Hetero2 3D Integration: A Scheme for Optimizing Efficiency/Cost of Chip Multiprocessors

Shivam Priyadarshi1,  Niket Choudhary1,  Brandon Dwiel1,  Ankita Upreti1,  Eric Rotenberg2,  Rhett Davis3,  Paul Franzon2
1Graduate Student, North Carolina State University, Raleigh, 2Professor, North Carolina State University, Raleigh, 3Associate Professor, North Carolina State University, Raleigh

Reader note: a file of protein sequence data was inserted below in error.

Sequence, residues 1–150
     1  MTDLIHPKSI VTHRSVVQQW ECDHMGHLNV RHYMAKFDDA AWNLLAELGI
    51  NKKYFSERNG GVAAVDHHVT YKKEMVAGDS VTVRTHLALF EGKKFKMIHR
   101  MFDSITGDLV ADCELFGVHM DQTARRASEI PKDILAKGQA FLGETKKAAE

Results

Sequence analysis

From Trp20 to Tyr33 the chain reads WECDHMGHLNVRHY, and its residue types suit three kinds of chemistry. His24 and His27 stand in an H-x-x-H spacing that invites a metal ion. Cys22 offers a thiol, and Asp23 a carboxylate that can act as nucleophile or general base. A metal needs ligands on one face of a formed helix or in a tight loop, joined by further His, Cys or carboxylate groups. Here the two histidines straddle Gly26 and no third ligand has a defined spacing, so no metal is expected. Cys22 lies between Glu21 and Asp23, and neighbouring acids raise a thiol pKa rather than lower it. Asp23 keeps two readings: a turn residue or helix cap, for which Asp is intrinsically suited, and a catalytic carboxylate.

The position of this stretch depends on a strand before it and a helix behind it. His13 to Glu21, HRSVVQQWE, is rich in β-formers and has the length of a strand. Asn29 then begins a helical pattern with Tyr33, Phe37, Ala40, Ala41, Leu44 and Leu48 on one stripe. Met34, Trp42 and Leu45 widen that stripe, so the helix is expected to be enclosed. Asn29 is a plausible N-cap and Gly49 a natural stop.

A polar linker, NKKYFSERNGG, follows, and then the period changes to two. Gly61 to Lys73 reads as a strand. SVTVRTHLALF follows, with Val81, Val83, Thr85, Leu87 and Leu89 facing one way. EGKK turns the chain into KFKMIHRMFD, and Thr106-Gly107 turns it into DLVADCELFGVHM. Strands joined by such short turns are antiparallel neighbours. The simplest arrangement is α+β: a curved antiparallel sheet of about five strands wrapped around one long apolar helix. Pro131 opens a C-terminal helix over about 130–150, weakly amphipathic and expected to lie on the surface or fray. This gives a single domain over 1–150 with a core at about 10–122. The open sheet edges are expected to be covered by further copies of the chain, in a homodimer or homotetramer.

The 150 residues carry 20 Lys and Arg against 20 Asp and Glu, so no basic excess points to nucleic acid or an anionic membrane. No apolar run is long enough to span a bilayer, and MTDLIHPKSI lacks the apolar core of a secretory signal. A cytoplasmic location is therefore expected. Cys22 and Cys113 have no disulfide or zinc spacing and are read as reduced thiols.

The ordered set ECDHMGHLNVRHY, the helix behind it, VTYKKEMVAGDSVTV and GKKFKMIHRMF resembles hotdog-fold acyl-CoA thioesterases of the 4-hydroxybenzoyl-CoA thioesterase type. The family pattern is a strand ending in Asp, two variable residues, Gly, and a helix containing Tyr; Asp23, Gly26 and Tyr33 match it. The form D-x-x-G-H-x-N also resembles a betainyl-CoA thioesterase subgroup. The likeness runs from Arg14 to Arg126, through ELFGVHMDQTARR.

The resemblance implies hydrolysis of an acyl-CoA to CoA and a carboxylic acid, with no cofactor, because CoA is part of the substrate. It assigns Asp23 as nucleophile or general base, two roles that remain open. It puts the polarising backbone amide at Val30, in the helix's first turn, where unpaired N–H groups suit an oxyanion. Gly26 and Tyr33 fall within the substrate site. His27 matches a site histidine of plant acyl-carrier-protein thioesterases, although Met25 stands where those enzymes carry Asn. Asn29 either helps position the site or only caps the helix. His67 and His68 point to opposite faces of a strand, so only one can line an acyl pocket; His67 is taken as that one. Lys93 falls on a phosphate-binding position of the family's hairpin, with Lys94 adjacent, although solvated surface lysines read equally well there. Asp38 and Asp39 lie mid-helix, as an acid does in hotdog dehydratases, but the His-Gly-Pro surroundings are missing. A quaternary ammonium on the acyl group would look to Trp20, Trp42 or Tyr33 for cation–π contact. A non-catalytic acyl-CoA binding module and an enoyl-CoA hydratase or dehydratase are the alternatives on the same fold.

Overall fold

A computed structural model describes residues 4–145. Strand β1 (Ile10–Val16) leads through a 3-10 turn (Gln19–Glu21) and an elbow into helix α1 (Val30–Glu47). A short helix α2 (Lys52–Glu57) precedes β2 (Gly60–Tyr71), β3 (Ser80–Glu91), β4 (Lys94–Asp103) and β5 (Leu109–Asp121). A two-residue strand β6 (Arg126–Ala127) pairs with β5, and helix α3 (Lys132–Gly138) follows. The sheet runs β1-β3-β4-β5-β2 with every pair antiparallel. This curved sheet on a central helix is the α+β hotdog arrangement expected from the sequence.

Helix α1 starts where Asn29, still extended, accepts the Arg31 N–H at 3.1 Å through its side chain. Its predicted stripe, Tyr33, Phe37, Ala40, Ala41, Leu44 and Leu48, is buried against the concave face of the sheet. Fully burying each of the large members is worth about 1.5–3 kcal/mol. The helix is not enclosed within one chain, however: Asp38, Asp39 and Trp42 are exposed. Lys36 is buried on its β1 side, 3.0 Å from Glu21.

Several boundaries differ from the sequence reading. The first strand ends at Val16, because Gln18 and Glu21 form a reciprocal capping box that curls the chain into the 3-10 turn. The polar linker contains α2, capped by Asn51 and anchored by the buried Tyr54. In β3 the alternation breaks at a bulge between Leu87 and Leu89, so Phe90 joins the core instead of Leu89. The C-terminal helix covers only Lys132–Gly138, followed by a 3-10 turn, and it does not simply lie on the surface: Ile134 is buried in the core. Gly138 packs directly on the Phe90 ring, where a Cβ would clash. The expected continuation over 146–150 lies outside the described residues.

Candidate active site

Timing the transition of a processor design to a new technology poses a provocative tradeoff. On the one hand, transitioning as early as possible offers a significant competitive advantage, by bringing improved designs to market early. On the other hand, an aggressive strategy may prove to be unprofitable, due to the low manufacturing yield of a technology that has not had time to mature. We propose exploiting two complementary forms of heterogeneity to profitably exploit an immature technology for Chip Multiprocessors (CMP). First, 3D integration facilitates a technology alloy. The CMP is split across two dice, one fabricated in the old technology and the other in the new technology. The alloy derives benefit from the new technology while limiting cost exposure. Second, to compensate for lower efficiency of old-technology cores, we exploit application and microarchitectural heterogeneity: applications which gain less from technology scaling are scheduled on old-technology cores, moreover, these cores are retuned to optimize this class of application. For a defect density ratio of 200 between 45nm and 65nm, Hetero2 3D gives 3.6x and 1.5x higher efficiency/cost compared to 2D and 3D homogeneous implementations, respectively, with only 6.5% degradation in efficiency. We also performed the sensitivity analysis by sweeping the defect density ratio and our results highlight the defect density break-even point, where homogeneous 2D and 3D designs in 45nm achieve the same efficiency/cost as Hetero2 3D, marking a significant point in the maturing of the technology.